Rachel Howard: The text makes ample use of the case study and visual media, like embedded video, photos, and websites. How do you see these methods amplifying each other? How do these methods enrich or challenge our understanding of digital fluency? 

Shireen Walton: It’s been one of the exciting aspects of the ASSA project, and our open-access book series with UCL Press, that we have been able to incorporate photographs, embedded videos, and hyperlinks as part of our ethnographic storytelling. Via these multimodal means, readers can come to learn about the lives and experiences of number of people we carried out research with through a series of short videos linked to our blog and website, which can be viewed alongside other visual materials, such as our recently published comics on the ASSA blog, which tell a selection of fieldwork stories. This interest in interactive storytelling reflects our research participants’ own interests in engaging with smartphones, tablets, and audiovisual media for education, storytelling, and learning, and these aspects have been a keen interest and commitment of the project from the start.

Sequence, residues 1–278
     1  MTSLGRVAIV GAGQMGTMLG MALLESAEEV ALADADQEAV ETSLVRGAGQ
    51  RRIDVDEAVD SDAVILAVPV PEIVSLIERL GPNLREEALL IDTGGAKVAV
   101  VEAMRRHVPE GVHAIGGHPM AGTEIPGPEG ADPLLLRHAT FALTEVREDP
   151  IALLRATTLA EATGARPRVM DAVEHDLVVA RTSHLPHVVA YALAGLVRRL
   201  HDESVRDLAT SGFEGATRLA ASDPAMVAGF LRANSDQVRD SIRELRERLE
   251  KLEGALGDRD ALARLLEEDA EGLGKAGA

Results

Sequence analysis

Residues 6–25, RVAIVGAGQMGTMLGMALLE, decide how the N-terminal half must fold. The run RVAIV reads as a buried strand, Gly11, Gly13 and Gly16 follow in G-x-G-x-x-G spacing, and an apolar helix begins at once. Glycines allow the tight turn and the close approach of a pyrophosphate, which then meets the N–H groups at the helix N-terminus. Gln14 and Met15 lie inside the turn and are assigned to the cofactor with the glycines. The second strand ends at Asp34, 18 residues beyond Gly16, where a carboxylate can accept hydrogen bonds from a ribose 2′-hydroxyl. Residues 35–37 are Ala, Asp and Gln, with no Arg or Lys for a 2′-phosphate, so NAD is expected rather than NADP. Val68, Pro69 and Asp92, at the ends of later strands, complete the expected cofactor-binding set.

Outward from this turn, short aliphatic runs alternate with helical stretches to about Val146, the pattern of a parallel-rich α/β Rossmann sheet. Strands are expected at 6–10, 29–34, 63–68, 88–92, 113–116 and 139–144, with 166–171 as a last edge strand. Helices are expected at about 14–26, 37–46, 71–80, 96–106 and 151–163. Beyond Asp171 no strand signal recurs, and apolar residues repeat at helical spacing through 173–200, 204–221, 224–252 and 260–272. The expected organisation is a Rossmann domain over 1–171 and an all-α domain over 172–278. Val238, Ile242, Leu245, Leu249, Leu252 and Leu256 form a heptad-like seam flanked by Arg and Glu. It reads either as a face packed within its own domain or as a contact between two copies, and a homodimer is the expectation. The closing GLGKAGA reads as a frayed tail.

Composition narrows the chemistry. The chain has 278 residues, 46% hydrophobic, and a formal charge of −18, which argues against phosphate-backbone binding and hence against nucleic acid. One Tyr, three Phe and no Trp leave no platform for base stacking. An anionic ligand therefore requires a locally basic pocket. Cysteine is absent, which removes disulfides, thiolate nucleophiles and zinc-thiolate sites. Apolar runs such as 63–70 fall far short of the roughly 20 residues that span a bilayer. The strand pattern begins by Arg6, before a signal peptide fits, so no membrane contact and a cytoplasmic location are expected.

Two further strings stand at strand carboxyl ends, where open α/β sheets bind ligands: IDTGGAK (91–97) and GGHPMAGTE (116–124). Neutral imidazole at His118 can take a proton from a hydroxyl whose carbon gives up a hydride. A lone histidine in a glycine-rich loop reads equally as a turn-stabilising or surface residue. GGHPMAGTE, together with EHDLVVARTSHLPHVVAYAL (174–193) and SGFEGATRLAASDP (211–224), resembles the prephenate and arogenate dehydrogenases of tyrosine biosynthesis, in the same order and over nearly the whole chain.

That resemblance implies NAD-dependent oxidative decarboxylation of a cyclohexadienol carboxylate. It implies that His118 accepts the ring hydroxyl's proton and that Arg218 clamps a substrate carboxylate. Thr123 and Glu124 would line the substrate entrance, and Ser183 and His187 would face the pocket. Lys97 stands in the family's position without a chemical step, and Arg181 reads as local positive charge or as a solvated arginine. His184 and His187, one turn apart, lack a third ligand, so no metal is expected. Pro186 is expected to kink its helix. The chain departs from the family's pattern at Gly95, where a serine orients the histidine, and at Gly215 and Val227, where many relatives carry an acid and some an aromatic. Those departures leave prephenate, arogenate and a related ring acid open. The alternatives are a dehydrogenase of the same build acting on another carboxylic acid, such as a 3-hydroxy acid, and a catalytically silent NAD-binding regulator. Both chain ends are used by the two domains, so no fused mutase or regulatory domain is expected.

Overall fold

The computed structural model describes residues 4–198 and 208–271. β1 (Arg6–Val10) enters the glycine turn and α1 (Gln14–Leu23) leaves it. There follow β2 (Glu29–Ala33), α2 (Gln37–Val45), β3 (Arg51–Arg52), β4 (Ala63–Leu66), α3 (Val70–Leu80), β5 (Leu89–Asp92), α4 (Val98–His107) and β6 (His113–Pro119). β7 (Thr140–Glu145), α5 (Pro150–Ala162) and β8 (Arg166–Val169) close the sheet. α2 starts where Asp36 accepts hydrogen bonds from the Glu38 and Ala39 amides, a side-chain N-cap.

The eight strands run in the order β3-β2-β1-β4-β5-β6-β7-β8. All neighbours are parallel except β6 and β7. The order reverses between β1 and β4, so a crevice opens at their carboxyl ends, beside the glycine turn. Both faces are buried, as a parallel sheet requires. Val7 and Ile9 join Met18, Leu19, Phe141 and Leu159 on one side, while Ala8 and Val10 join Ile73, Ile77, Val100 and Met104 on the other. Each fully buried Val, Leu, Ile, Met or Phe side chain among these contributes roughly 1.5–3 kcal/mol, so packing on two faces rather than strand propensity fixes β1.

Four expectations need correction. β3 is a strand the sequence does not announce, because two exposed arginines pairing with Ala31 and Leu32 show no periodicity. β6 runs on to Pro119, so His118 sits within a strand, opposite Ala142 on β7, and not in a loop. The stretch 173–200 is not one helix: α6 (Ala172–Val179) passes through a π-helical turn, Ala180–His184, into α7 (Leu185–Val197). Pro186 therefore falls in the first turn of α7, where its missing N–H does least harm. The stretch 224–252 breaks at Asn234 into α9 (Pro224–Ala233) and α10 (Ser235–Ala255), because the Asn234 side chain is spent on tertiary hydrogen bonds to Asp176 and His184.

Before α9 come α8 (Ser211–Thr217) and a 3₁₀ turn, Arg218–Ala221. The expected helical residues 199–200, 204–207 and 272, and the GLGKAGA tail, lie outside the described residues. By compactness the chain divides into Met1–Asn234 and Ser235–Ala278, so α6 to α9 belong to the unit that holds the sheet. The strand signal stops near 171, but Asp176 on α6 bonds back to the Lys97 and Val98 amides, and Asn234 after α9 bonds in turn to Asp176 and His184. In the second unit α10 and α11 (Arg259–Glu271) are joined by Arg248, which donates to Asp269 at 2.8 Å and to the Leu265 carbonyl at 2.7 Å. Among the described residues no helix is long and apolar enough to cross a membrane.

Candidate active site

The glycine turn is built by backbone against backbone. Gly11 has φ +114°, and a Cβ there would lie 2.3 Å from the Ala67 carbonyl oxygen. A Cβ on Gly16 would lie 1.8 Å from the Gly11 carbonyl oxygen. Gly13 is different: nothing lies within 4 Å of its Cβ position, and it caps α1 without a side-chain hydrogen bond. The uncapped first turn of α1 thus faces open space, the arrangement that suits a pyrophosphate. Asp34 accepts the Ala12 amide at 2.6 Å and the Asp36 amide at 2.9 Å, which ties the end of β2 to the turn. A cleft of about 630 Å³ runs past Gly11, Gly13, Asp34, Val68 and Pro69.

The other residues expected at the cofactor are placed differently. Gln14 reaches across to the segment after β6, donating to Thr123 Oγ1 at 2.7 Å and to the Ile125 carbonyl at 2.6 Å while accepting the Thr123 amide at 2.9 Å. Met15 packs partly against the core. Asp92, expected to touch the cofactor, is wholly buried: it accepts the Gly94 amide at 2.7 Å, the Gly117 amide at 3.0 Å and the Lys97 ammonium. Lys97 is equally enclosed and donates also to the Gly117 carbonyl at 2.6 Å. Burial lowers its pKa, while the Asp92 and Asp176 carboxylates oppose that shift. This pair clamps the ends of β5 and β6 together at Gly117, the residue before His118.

Rachel Howard: It seems that being youthful may be performed in many different ways, across a range of practices as well as externally defined and internally experienced qualia, including the use of cellphones as a way of “awareness” (143) to different life-worlds not accessible to your interlocutors in their youth. The discussion of narratives in Italy regarding different age groups’ use of digital technologies at times seemed to mirror narratives in the U.S., particularly when you note, “Older people are often depicted in the media and in political debates as a vulnerable group that is susceptible to ‘fake news’, while young people, regarded as ‘digital natives’, can be presented as at risk of addiction or becoming enslaved by the device, and suffering long-term health risks.” (82) This seemed like a double bind. Is it ever possible for your older interlocutors to achieve what many seem to desire—to felicitously perform youthfulness? If so, what does that look like?